Another overnight to a stellar but little-known water feature in the Catalina Mountains.  There is a reason I am doing so many of these this year: we had great winter & spring rains, and the mountain pools are spectacular.

I wore the Agravic baselayer for the entire trip, taking it off only to change the layer beneath.  See the photo of the garment on this trail in the collage above at upper right.  Daytime temperatures were perfect for it, around 60 F (16C).  Night time temperatures were a lot colder, but I added a down vest in the evening and had my quilts while sleeping.  The baselayer performed extremely well and I enjoyed wearing it.  I appreciated the long length in the back.  It extends nicely below my waist so that when bending at the waist the bare skin on my back does not pop out.

The only issue I had is, since it is designed to be a baselayer and not a light jacket, it has no pockets.  I had no chest pocket to store my reading glasses or sunglasses when not in use.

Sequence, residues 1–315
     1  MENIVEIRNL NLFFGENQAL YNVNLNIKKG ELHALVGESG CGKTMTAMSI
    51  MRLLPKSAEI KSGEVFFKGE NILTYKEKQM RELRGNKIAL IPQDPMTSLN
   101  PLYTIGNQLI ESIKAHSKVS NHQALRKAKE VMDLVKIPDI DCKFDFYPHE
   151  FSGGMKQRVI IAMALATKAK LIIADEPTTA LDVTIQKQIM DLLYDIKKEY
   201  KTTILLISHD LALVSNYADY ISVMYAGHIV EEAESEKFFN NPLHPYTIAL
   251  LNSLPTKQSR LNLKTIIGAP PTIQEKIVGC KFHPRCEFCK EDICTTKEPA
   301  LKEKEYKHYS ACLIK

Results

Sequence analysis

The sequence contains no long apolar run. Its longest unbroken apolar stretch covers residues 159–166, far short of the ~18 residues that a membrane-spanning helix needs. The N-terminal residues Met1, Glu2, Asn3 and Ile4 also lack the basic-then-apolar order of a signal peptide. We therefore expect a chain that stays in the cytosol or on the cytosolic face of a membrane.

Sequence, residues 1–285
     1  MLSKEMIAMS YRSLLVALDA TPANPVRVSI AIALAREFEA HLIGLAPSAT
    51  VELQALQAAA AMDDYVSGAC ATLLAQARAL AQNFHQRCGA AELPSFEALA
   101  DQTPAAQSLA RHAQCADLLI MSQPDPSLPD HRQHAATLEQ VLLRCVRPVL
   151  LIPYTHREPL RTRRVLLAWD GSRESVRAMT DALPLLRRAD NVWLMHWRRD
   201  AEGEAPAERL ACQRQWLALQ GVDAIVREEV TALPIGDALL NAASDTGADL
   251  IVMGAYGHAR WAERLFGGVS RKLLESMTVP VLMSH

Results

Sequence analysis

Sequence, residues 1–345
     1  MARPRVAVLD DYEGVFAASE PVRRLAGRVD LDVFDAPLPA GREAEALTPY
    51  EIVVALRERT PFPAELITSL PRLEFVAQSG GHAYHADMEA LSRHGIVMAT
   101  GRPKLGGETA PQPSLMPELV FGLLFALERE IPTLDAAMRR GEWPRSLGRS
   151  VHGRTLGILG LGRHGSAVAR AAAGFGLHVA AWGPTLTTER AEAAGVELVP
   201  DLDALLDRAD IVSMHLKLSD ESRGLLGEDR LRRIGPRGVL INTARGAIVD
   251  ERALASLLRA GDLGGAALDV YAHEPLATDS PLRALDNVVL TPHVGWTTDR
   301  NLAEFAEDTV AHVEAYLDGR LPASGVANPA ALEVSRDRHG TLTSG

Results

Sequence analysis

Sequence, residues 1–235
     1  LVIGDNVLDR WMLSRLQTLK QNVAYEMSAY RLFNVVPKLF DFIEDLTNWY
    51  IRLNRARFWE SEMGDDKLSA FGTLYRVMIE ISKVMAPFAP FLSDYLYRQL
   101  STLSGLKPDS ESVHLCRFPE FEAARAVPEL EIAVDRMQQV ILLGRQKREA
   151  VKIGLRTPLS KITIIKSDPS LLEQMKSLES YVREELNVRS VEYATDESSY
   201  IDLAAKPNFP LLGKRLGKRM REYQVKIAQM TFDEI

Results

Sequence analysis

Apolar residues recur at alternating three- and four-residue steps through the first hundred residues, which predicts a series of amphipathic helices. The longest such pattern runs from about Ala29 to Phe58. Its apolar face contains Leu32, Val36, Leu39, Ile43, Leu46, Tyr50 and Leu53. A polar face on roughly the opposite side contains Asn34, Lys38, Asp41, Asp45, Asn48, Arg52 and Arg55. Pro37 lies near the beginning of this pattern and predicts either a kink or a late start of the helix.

Alaska Dayhikes & Kayaking

This week-long Alaskan cruise departing Juneau included daily shore, kayak and skiff excursions. We had exceptional weather: a few sprinkles the first few days in Juneau, but sunny and beautiful the entire week we were aboard ship.  I wore the Agravic baselayer on-board in cooler weather (see above photo collage at lower left), on hikes (see above photo at lower right), and in the kayak, most often beneath my rain jacket which I used as a wind shell.  It was perfect in all these applications.

The one feature that I used extensively for the first time can be seen in the hiking photo in the above collage at lower right: unzipping the front to allow venting.  This was not a strenuous hike, but it was a bushwhack with some steep sections.  I had to keep my wind shell on to prevent getting snagged and scratched on the branches, and got a little warm.  Unzipping both the shell and the baselayer cooled me off just enough to be comfortable.

There was a lot of wind on this trip, which I expected from the watery environment.  The Agravic baselayer does not offer much in the way of wind protection, and I didn't expect it to.  Teaming it up with a wind or rain shell made for a very effective layering strategy.


I laundered the baselayer after each trip, just tossing it in with the rest of my stuff.  Comes out of the dryer looking like new.

Good things: